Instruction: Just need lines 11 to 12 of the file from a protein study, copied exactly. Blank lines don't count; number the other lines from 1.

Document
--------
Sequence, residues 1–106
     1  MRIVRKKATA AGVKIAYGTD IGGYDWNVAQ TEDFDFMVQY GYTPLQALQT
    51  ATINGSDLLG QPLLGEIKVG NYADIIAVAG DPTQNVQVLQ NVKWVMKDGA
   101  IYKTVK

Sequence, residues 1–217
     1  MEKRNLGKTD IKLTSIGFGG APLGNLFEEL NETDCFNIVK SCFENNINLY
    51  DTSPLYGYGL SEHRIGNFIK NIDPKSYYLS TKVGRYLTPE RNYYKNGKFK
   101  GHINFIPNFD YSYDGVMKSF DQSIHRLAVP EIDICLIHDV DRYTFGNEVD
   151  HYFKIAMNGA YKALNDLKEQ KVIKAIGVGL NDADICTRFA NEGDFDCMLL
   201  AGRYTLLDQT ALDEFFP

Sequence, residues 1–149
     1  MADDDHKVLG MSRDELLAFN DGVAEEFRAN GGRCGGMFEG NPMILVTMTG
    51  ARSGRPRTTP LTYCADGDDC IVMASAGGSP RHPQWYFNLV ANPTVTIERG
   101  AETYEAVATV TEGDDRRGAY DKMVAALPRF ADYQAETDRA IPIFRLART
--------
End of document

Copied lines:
Sequence, residues 1–149
     1  MADDDHKVLG MSRDELLAFN DGVAEEFRAN GGRCGGMFEG NPMILVTMTG